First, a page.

Discovering your website dedicated to Simplifi’d hi-fi has been a pleasure. I find your reviews interesting and informative, and appreciate your demanding approach and the way you compare different models.
With limited space in my home, I recently came to the conclusion that active bookshelf monitor speakers and a hi-rez music collection on a laptop hard drive would rescue me from the headache associated with a multi-component system, a web of wires, and piles of CDs. My Zu Audio floorstanding speakers and tube amp went to a friend’s place, freeing up space for a more compact sound system.
After listening to several active monitors (KEF LS50 Wireless, Klipsch The Sixes, and Acoustic Energy AE1), I decided on the Acoustic Energys. Of the three brands, they were the ones I liked the most. Through the AE1s, my favorite Pink Floyd tracks most closely corresponded to my Zu Audio Omen Standards, which I had come to love.
Almost having decided on the AE1, I accidentally discovered Totem Acoustic’s Kin Play. I was impressed by its appearance, which I think is in the best traditions of such famous brands as Neat Acoustics, ProAc, and Spendor. A sales consultant added fuel to the fire, so to speak, saying that Totem Acoustic products are “budget” high end, and competing speakers with a similar performance are, as a rule, more expensive. I thought the sound of the Kin Plays was just as “cool” as the sound of the AE1s. Of course, the character was different. The Kin Plays were more “cheeky,” but not “presumptuous” like The Sixes. They were livelier than the LS50s, and had more of an “afterglow.”
In your review of the Kin Play, you compare it to KEF’s LSX and SVS’s Prime Wireless Active. The logic of your comparison is clear—all three models are similarly priced. I’d like to know if you think the Kin Plays deliver sound in the same class as more expensive models you have reviewed, such as Elac’s Navis ARB-51, Focal’s Shape 65, and System Audio’s Legend 5 Silverback.
Thanks for your letter, and for your flattering words. I haven’t heard the Acoustic Energy AE1, but it looks like a speaker I’d really like to review. As you correctly observe, I haven’t compared the Kin Play against the Shape 65, ARB-51, or Legend 5 speakers. What I really liked about the Kin Plays was their big, spacious presentation and dynamic excitement—these are really fun speakers to hear. I think the Shape 65s, ARB-51s, and Legend 5s share these characteristics, but also deliver superior microdynamics and slightly smoother response. The ARB-51s have a warmer, more inviting character, the Shape 65s a more forward presentation, and the Legend 5s have greater transparency.
A fundamental difference between these speakers is that the Kin Play is a powered speaker, with a single amplifier for each channel, and a conventional passive crossover between the amplifier output and drivers, while the ARB-51, Shape 65, and Legend 5 are all active designs, with active crossovers before their amplifiers, and dedicated amps for each frequency range.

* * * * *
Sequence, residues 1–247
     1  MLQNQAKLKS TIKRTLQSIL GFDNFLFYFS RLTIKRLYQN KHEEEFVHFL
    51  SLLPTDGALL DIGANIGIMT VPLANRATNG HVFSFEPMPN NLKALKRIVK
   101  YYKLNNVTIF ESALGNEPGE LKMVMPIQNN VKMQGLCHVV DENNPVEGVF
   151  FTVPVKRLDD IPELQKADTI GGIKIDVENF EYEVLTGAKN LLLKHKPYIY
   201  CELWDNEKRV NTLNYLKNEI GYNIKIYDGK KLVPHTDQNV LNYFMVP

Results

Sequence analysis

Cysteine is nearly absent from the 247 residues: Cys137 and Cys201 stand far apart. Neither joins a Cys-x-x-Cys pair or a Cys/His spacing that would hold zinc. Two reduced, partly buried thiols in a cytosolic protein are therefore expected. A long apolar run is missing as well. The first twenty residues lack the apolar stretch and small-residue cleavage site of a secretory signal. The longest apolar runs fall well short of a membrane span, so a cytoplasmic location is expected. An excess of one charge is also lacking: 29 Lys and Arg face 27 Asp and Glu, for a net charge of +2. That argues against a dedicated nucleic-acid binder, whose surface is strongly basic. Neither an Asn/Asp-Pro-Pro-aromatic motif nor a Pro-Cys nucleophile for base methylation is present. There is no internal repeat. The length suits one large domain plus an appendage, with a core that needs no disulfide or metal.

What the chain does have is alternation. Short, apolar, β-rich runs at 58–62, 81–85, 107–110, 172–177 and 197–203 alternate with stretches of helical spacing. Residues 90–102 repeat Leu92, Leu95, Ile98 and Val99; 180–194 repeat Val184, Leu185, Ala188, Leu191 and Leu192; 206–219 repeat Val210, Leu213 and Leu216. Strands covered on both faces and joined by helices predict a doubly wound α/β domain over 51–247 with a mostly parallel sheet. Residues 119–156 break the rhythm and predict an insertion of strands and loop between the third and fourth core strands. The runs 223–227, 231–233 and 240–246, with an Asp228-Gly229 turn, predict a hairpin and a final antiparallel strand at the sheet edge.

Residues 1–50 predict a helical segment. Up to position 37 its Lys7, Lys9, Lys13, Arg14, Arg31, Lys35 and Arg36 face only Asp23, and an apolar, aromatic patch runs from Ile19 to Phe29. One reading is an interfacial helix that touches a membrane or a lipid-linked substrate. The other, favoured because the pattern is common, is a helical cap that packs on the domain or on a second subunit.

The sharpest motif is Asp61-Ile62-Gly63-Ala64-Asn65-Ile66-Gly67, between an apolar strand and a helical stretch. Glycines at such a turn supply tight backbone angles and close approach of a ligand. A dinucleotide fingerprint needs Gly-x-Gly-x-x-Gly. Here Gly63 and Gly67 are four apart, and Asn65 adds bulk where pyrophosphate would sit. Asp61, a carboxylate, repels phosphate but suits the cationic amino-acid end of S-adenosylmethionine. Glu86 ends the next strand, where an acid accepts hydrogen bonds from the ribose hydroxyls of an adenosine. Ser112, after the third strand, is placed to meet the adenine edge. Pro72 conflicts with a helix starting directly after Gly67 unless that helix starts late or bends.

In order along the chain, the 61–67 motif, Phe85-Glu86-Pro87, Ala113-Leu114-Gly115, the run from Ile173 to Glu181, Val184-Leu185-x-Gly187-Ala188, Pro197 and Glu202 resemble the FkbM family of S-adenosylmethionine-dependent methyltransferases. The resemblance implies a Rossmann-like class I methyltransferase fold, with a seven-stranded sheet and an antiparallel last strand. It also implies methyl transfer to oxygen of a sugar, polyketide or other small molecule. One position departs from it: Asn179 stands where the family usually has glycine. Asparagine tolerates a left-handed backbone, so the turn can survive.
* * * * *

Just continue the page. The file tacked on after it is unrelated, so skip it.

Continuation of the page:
As I noted in my article “A Perfect Pair,” “active speakers have undeniable advantages. Because there are no passive crossover components between the amp’s output and the speaker’s drivers, dynamics are usually better. Designers can choose the amplifier best suited for each frequency band, and because each band has its own dedicated amp, the power demanded by one band won’t affect the other bands. If you’re playing loud, bass-heavy music through powered speakers, high power demands could cause congestion higher in the audioband. With active speakers, each higher-frequency band will have its own amp, so this won’t be a problem.”
The System Audio Legend 5 Silverback has a DSP-based crossover; the active crossovers in the ARB-51 and Shape 65 use analog components. As I noted in the article cited above, “DSP-based active speakers have some fundamental advantages over analog designs. With a DSP crossover, the designer can correct the timing of the drivers’ outputs far more easily than with an analog crossover. Designers can also use DSP to smoothen irregularities in the speaker’s response.”
The total power output of the amplifiers in all of these active speakers is greater than the Kin Play’s 120Wpc amplifier; that, and their active design, should translate to more effortless dynamics. But never having compared these speakers directly, I can’t swear to this.
As you observe, there are major differences in feature sets. The Totem Kin Play has a phono stage, Bluetooth, and optical input, as well as analog line-level inputs. The Shape 65 and ARB-51 only have line-level inputs. The Legend 5 has line-level inputs, but includes WiSA wireless capability; and the optional companion Stereo Hub provides HDMI-ARC, optical, USB, and analog inputs, plus Bluetooth and support for Apple AirPlay, Chromecast, and Spotify Connect. These features may be a major factor in your decision.
I think these are all excellent-sounding speakers. As noted, I haven’t had a chance to compare their sound directly, so it’s hard to give a more complete answer to your question. But I hope this helps. Thanks again for writing.